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Avoid Running Out of Money in Retirement

Greg Map 200 200

Greg Bodoh
Dominion Retirement Planning

Retirement security is a driving concern for many Americans. It’s no secret as to why. Inadequate retirement savings, growing income expectations of Social Security, longer life expectancies, and record amounts of people retiring are all influential factors.

At the center of it, many individuals are worried about if they will outlive their retirement funds. It’s a growing concern given changing trends. According to U.S. federal government data, the average life expectancy is 78.8 years. Thanks to innovations in healthcare and technology, the human lifespan is longer than it’s ever been in history.

With opportunities for greater life longevity, how should people plan for the future? Read on to learn about some strategies you can adopt, whether you’re planning ahead or you’re currently in retirement.

Ways to Avoid Outliving Money in Retirement

Be proactive. If you aren’t retired already, it’s best to be prepared ahead of time. A personal financial plan will help. The first steps are figuring out what your retirement expenses will be and what your cash-flow is likely to be in your later years. For a target amount, we recommend with coming up with a “retirement number” that’s suited to your future needs, goals, and objectives.

Ultimately retirement numbers will differ from person to person. For instance, women have different retirement income needs from men. Account for future expense burdens including healthcare costs, daily living costs, long-term care costs, or any specialized costs which may apply. Once you’ve an idea of these projections, the next step is coming up with a plan to achieve your retirement funds goal. Be sure to consult with a qualified financial professional.

If you’re still in the workforce, implement a steady savings rate. Studies show workers are likely to be better off when they save steadily over their careers instead of relying on withdrawals in retirement. Should you still be in your career, it’s worth considering over time putting a strategic rate of your income into retirement savings. Savings rates will differ from person to person. But it can help in reaching for a target wealth accumulation amount.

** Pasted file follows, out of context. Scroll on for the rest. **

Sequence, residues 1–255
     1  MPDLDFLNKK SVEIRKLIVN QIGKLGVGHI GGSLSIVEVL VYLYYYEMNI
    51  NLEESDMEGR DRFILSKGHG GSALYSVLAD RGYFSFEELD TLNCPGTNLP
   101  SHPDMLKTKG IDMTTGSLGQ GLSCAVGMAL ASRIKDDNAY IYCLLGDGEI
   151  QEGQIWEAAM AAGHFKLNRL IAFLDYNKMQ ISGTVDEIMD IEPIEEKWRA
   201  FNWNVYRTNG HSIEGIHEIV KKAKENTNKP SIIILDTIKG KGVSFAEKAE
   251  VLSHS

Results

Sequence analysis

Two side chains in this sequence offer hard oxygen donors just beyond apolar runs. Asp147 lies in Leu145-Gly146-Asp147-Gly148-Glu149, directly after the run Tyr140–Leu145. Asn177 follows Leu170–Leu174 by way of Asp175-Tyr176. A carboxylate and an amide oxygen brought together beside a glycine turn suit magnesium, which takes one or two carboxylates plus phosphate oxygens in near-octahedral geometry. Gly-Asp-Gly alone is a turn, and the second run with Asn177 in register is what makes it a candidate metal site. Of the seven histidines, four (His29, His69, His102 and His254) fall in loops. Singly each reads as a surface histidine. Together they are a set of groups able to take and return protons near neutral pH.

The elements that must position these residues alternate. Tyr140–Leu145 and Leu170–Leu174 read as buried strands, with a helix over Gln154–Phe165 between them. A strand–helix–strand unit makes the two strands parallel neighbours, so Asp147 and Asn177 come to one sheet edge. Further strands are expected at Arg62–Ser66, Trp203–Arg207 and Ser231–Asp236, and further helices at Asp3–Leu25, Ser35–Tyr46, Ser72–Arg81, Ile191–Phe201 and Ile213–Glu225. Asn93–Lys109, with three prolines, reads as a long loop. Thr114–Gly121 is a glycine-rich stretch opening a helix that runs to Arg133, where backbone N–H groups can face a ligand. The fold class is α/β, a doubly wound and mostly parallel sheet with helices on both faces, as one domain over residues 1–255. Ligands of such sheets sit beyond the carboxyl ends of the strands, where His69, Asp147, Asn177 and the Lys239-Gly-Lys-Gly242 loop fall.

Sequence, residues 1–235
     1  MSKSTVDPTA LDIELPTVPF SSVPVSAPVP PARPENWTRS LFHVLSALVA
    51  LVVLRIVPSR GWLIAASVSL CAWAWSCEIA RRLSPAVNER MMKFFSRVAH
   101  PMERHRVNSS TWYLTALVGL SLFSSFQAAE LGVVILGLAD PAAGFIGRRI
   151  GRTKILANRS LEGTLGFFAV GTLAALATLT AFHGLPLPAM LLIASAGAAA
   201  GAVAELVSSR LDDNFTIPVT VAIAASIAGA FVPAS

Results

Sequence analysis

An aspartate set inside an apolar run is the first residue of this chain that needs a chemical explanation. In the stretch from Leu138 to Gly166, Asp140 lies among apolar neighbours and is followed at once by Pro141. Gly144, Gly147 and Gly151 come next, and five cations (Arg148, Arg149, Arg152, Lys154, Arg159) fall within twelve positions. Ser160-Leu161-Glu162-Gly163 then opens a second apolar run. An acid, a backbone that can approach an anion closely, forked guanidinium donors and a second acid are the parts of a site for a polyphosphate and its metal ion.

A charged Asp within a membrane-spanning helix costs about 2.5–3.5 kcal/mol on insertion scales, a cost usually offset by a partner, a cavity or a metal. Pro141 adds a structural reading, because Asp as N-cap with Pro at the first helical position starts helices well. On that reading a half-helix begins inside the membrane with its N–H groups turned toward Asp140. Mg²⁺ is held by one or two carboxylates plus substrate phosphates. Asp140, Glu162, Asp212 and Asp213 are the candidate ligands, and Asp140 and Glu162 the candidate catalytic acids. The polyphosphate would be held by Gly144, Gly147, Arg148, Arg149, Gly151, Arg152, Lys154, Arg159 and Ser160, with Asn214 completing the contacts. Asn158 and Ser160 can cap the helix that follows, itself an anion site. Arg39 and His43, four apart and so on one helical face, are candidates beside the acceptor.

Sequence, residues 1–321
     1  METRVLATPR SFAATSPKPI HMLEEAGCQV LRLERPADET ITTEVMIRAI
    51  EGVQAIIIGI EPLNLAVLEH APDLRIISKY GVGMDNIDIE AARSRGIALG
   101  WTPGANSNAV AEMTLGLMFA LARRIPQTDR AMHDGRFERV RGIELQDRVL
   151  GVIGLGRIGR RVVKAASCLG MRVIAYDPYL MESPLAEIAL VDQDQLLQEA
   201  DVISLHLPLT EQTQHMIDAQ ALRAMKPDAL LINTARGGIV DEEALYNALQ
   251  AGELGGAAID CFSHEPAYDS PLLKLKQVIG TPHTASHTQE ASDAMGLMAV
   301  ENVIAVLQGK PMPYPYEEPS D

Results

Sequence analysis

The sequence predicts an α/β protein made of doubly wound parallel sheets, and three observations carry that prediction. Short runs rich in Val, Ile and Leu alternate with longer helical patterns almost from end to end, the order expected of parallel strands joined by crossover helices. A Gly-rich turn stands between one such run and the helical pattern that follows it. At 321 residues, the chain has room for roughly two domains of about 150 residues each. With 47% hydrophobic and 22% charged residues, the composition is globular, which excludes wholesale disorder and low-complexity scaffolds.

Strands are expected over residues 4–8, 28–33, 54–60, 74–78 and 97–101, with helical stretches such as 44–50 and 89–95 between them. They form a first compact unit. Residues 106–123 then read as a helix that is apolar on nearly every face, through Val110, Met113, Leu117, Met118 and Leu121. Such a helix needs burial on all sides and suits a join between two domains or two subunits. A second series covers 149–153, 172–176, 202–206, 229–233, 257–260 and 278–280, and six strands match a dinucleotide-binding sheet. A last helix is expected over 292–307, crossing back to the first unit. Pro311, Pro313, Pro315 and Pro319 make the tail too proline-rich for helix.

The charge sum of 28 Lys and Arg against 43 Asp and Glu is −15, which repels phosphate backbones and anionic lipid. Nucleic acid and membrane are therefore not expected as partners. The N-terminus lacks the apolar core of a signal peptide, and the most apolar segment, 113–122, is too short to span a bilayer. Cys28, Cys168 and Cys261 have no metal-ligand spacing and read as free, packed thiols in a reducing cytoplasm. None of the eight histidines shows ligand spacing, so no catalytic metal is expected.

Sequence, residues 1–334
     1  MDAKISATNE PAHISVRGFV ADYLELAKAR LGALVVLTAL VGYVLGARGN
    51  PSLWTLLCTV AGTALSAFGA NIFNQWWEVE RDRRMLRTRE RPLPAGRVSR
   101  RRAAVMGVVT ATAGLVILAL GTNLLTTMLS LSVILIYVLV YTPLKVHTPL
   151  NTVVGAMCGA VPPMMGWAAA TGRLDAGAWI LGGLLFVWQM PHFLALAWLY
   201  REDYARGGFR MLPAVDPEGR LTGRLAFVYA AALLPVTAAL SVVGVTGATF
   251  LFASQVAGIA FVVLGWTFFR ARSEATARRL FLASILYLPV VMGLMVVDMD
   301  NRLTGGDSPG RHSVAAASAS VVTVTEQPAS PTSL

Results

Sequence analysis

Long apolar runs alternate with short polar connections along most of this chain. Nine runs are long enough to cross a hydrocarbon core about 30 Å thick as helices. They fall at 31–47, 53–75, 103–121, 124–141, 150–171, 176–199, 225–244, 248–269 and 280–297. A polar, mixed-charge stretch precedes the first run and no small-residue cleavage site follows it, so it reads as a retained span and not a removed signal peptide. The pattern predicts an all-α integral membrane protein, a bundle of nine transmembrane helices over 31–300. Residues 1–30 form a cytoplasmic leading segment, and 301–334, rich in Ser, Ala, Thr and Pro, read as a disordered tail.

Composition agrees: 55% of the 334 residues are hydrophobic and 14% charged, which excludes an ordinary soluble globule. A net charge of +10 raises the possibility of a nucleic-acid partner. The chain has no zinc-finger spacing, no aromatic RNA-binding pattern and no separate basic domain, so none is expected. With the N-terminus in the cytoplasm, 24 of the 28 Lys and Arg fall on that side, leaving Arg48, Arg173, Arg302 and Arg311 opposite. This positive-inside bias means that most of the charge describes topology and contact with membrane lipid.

Investment options such as stocks or bonds offer return potential. But they’re in volatile markets, and income certainty, coming from safe and intact retirement savings, should be a primary focus in retirement planning. Some experts recommend a baseline savings rate of 16-17% so you can have a safe, sustainable withdrawal rate in retirement – say 4%. Keep in mind: with lingering low interest rates, longer life expectancies and other variables, the 4% withdrawal strategy may not be appropriate for many Americans.

Make periodical adjustments to withdrawal rate. In the financial services industry, the going advice is to come up with a withdrawal rate and stick with it. But some experts recommend being open to making adjustments when appropriate. After all, there are many factors which can impact the dynamics of your retirement expenses: medical emergencies or unexpected personal situations are just a few.

Under this approach, periodical adjustments could be made at strategic intervals. Once some periods of months or a year passed, it would be time to reassess your financial priorities, based on life expectancy, current spending levels, and future expectations. Drops in the market or life change events could cause you to reallocate your portfolio, which could impact your plans for withdrawals as well.

Set limits for your withdrawal rate. Another way to help control retirement funds is setting a “ceiling” and “floor” on how much you can withdraw. The ceiling would consist of a level which is an upper limit, and the floor a minimum threshold. Portfolio withdrawals would be at least for the floor amount.

Once you’ve set these levels, it’s advisable to not journey outside those boundaries. Ceiling and floor levels could be adjusted for inflation each year. In general, if retirement expenses are a big concern, it may be worth it to consider which expenses are excess. Then cut out those expenses to stabilize cost burdens over time.

Consider guaranteed income benefit products. There are financial products which offer guaranteed income benefits. Solutions such as annuities offer options for guaranteed lifetime income, some equity growth potential, principal protection, and tax deferral. Keep in mind, though: many annuity products don’t offer a hedge against inflation. So if that’s a concern be sure the annuity products you’re considering have that option.

Any annuity product should be appropriate for your unique needs and objectives, too. There are many types of annuity products on the market. Take time to educate yourself about the strengths and weaknesses of each offering, and how it relates to your needs. A qualified financial professional can help.

If you're ready for personal attention, can help you. Use our Find a Licensed Advisor section to connect directly with an independent financial professional, and to request a personal strategy session to discuss your needs and goals. And should you have any questions or concerns, call 877.476.9723.

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